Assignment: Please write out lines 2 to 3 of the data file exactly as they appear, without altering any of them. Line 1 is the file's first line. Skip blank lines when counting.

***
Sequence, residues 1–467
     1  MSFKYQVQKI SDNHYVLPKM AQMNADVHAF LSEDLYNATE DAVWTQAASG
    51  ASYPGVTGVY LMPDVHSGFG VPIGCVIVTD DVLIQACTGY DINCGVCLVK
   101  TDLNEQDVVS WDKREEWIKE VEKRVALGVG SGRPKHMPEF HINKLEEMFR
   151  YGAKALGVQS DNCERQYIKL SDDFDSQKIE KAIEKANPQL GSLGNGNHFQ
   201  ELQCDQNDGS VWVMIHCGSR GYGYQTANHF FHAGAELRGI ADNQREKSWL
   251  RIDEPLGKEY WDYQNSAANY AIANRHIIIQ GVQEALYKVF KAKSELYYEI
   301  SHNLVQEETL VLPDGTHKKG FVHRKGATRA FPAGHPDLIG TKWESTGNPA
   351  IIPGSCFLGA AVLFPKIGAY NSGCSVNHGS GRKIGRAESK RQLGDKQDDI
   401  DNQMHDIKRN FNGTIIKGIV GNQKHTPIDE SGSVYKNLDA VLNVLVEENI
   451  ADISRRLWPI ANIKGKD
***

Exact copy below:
     1  MSFKYQVQKI SDNHYVLPKM AQMNADVHAF LSEDLYNATE DAVWTQAASG
    51  ASYPGVTGVY LMPDVHSGFG VPIGCVIVTD DVLIQACTGY DINCGVCLVK